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  • Writer's pictureJessica Matthews LCSW, LICSW

EMDR Frequently Asked Questions

How is EMDR different from talking about my trauma in cognitive modalities or “talk therapy”?

In cognitive modalities, or talk therapy, oftentimes people can speak about their trauma from a very intellectualized, detached, even dissociated perspective. In this way, there is enough distance from the memory that you are not fully processing the information. Oftentimes during therapies like CBT- and I don’t mean to discount CBT because it does have its place, and there are cognitive components in EMDR- clients report experiencing insights at an intellectual level, but not feeling them at a gut level.

For example, a client might say “I know intellectually that my trauma wasn’t my fault, but I still feel like it is.” EMDR is different, because it allows you to feel the insights at an emotional gut level, not just a cerebral intellectual level. You can truly understand and believe in your gut the positive cognitions that you identify cognitively.


Why haven’t I started re-processing yet with my EMDR clinician?

Because EMDR is such an intense type of therapy, there are preparation steps that need to be completed before re-processing can begin. There are 8 stages to EMDR. The first stages are history taking, assessment, and resourcing, which is developing coping skills that will help you better tolerate the re-processing. If you haven’t started re-processing yet and are wondering why, you should speak to your clinician, however likely your clinician doesn’t think you’re ready to move on to the next stages of the EMDR process and wants to fully prepare you.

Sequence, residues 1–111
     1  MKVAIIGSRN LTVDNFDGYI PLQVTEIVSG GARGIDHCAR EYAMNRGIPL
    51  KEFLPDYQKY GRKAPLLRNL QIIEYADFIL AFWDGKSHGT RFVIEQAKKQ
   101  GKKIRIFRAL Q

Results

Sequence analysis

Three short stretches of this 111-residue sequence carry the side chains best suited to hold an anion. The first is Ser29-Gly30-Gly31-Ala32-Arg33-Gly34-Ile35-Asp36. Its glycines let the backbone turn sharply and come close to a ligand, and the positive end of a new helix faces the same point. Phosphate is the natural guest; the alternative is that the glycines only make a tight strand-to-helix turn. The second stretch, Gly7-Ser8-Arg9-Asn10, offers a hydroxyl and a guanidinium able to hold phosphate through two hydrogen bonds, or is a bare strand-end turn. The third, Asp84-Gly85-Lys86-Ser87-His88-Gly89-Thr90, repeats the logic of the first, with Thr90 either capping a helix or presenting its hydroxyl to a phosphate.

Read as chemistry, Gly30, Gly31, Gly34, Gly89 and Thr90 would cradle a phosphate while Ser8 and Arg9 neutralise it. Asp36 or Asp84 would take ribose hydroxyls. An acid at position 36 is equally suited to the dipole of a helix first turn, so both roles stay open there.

Why doesn’t my therapist respond much when I share traumatic details during EMDR-reprocessing? The EMDR protocol says we need to “stay out of the way” of your brain’s processing, because the idea behind EMDR is that your brain has a natural way of healing itself through bilateral stimulation. If you are feeling like you don’t receive enough support and validating during EMDR, it may be helpful to request time at the end of each session to debrief on the insights and emotions that arise.


Why am I getting so triggered during EMDR and between sessions? Your brain needs to witness and process memories that are “stuck” in your nervous system in order to move to adaptive resolution and ultimately help you to feel better. That is why there is a certain level of discomfort that is necessary for EMDR to be effective- you need to experience the emotions and body sensations and memories that are “stuck” and get them moving through your nervous system. That said, a trained clinician should make sure you are within your window of tolerance during re-processing, so that you are remembering the trauma, but not fully re-experiencing it. Your clinician should have the skills to direct you if you get overly fused with the memory. EMDR can be uncomfortable, but it should NOT be re-traumatizing.


What other questions do you have about EMDR? Let me know below!



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